Well, as you all probably know, I'm not real computer savy, so this information may be here in some form and I just didn't see it.  I was trying to decide what type of seeds I would pick up to throw in with my gotta have takealong stuff, just to have atleast some sort of a start if all else fails. And what would be the simplest, easy to grow in most climates.  I can remember those first few years on the farm putting in huge truck patch gardens with no experience or knowledge whatsoever, was challenging  and well to say the least it took a few years to kindof figure it out (and that was with all the resources of the current world available). I wouldn't say I actually became an expert, but anyway I decided to make a list of some of the easiest to grow that I'm going to pick up while the stock is probably still available this year (ofcourse making sure it's the good old-fashioned kind not that new Monsanto, or whatever that junk is) I'm going to make sure to get several kinds of Squash, Zucchini, beans (preferably bush not pole), tomatoes, and peppers. Also, onions (though those are really hard to grow from seeds instead of sets), beets and carrots (root vegies can be really challenging in my experience anyway unless the soil is just perfect), lettuce and spinach for fast grow, cucumbers  (great for pickling for later), corn (though you gotta put in a pretty big area, atleast double rowed if I remember correctly), peas and broccoli.  I think that's going to be my total short list.  Any other gardeners out there with additional suggestions/comments?? It's been awhile, I'm sure I've probably missed some pretty obvious ones that would make really great candidates for the gotta bring category.....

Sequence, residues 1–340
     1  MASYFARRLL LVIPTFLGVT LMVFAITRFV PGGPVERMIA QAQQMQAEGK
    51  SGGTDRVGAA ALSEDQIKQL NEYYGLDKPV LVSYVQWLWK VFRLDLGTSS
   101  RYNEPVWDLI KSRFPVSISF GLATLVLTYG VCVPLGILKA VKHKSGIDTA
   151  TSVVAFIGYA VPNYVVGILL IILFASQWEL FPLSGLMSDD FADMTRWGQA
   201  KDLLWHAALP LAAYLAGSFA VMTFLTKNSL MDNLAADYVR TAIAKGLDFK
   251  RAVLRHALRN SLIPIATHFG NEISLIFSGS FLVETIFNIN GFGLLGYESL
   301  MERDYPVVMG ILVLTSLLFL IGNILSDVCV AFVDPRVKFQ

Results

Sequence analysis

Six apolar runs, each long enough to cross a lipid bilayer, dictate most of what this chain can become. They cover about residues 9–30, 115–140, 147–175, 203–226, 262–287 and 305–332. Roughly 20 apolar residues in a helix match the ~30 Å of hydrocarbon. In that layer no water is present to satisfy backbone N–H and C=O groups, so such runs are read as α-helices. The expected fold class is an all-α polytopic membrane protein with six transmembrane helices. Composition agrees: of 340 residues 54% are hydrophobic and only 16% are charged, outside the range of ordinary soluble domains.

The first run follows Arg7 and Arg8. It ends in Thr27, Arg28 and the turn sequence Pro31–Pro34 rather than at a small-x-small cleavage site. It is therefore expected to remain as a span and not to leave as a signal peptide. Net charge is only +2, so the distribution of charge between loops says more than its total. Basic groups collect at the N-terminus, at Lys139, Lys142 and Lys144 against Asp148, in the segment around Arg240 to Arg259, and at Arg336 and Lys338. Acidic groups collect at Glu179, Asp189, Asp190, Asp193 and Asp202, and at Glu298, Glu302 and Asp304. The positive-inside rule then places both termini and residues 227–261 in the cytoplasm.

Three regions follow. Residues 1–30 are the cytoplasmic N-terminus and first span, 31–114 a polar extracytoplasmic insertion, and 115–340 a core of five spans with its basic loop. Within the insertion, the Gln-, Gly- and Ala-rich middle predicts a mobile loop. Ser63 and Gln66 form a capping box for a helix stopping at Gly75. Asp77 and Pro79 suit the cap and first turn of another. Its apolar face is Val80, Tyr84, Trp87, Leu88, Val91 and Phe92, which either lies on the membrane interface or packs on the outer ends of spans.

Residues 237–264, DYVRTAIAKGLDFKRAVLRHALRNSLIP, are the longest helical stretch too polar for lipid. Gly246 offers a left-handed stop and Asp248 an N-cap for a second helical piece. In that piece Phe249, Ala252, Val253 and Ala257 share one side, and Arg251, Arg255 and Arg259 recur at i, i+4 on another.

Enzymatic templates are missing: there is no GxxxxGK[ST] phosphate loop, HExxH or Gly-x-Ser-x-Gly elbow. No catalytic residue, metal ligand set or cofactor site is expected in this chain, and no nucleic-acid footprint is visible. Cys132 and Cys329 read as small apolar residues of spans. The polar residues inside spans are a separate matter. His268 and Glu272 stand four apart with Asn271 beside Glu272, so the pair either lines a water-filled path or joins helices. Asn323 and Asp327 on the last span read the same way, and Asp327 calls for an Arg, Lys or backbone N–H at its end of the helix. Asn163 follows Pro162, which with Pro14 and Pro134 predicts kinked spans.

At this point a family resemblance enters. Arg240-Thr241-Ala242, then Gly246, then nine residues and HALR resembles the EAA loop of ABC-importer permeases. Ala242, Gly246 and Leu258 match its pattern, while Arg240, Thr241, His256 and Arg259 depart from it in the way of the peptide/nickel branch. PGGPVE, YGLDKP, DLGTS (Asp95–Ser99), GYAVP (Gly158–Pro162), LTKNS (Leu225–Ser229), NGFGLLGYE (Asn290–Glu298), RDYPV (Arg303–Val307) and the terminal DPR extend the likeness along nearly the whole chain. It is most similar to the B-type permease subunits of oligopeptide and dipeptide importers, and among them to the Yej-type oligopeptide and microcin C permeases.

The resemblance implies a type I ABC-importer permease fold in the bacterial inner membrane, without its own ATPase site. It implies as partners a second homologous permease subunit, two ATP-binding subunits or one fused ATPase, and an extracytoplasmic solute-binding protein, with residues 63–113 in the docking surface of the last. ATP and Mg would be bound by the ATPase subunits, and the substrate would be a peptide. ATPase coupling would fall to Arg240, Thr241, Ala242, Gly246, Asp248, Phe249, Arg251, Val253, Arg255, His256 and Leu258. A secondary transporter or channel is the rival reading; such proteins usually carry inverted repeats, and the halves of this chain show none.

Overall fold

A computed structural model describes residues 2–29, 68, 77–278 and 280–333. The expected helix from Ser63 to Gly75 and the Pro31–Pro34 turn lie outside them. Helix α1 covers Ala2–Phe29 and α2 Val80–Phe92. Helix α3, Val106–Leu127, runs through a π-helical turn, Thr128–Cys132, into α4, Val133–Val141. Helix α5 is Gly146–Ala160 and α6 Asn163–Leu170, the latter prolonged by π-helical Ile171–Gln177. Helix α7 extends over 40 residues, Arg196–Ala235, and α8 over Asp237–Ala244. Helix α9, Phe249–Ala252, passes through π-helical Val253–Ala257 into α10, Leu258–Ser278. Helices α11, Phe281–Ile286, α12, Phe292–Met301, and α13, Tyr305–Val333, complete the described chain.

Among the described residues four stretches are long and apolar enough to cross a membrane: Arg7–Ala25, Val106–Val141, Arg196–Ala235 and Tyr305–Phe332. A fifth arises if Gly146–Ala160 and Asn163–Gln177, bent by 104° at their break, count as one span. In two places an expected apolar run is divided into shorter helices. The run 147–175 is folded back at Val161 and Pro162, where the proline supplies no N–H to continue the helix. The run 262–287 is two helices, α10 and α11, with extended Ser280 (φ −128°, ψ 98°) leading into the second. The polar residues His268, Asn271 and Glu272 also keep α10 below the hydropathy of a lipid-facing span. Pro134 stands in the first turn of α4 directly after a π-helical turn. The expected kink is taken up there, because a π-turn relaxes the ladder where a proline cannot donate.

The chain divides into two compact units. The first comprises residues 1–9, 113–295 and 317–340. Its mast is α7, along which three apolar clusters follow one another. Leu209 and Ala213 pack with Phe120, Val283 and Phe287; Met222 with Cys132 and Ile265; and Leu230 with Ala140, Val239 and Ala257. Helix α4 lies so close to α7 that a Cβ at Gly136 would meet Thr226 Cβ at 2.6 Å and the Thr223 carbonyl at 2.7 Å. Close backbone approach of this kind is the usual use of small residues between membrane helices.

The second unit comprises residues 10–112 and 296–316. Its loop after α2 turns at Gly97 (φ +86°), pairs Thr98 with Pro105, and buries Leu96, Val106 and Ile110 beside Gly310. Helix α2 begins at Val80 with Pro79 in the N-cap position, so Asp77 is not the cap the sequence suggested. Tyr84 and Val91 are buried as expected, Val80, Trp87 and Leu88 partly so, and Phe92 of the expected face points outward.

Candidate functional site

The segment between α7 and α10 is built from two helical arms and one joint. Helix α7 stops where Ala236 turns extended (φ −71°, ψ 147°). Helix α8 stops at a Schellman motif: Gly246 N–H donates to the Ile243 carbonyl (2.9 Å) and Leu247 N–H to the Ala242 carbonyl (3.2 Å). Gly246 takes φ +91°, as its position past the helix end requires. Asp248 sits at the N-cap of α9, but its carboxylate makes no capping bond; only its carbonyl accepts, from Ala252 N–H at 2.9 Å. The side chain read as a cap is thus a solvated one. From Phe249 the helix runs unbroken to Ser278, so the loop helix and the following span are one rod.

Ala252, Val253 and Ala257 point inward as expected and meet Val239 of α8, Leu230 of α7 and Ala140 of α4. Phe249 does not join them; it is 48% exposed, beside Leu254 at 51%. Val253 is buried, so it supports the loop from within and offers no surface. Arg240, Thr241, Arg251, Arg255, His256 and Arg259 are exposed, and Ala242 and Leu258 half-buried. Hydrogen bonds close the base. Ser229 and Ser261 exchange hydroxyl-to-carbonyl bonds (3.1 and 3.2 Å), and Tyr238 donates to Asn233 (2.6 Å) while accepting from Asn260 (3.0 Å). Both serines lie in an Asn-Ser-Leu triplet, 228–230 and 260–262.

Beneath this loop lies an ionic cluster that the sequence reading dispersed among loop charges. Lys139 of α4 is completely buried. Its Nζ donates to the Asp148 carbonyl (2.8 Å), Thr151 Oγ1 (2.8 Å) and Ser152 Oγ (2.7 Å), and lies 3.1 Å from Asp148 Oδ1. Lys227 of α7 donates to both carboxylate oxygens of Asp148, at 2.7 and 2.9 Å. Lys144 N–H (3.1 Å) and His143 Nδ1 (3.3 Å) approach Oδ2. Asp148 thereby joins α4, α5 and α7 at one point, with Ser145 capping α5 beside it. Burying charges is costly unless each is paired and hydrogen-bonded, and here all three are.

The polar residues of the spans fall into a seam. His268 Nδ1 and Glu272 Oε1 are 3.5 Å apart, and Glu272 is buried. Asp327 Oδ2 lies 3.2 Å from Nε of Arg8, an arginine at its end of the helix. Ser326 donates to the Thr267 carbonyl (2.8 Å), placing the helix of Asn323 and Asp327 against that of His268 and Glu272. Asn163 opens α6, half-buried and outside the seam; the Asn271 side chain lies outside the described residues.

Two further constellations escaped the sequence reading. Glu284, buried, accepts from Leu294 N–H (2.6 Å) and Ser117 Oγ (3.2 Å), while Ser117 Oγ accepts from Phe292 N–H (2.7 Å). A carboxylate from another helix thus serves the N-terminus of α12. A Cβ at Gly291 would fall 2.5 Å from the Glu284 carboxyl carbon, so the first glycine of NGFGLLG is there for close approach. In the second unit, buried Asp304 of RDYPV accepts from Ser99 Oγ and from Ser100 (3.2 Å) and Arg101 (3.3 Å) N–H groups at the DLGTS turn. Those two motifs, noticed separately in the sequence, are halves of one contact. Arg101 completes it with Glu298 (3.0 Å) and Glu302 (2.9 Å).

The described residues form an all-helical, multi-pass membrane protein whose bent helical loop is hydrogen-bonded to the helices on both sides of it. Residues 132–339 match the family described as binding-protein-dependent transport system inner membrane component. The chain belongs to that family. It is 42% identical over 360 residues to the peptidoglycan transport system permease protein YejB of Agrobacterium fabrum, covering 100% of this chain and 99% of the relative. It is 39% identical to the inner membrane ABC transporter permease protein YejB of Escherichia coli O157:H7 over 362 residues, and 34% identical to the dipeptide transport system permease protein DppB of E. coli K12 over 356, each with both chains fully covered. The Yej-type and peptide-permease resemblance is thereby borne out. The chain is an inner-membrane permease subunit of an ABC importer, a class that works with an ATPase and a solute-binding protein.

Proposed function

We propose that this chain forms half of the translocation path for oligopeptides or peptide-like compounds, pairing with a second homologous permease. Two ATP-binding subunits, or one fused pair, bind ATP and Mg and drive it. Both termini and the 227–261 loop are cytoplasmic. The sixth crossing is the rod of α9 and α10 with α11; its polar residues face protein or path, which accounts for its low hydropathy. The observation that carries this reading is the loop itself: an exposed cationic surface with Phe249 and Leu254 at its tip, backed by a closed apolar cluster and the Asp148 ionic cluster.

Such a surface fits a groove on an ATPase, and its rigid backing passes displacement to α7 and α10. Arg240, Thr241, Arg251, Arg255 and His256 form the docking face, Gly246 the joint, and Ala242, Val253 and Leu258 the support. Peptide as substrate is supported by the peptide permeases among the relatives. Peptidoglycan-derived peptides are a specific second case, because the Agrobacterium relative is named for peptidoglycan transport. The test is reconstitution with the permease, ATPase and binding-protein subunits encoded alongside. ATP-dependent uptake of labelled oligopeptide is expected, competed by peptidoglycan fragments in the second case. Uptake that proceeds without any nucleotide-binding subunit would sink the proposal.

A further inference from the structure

Hi Enlightenme,
I think probably the best way to go looking for seeds that aren't GMO Monsanto and all that, is when you do a search, Search "Heirloom vegetables", these are the old varieties and usually have a lot more flavour. Once you get some of these growing, then you can save the seeds yourself and stockpile them. I've got a pile of them myself, some I have sourced from growers on Ebay, and they don't cost an arm and a leg  :)